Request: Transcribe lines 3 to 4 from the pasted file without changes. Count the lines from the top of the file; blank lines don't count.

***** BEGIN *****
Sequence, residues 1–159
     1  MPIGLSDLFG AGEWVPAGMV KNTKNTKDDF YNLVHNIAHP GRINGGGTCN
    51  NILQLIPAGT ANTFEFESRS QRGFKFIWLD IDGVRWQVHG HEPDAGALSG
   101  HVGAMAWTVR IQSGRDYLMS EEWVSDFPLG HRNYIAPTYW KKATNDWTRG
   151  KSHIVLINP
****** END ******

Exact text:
    51  NILQLIPAGT ANTFEFESRS QRGFKFIWLD IDGVRWQVHG HEPDAGALSG
   101  HVGAMAWTVR IQSGRDYLMS EEWVSDFPLG HRNYIAPTYW KKATNDWTRG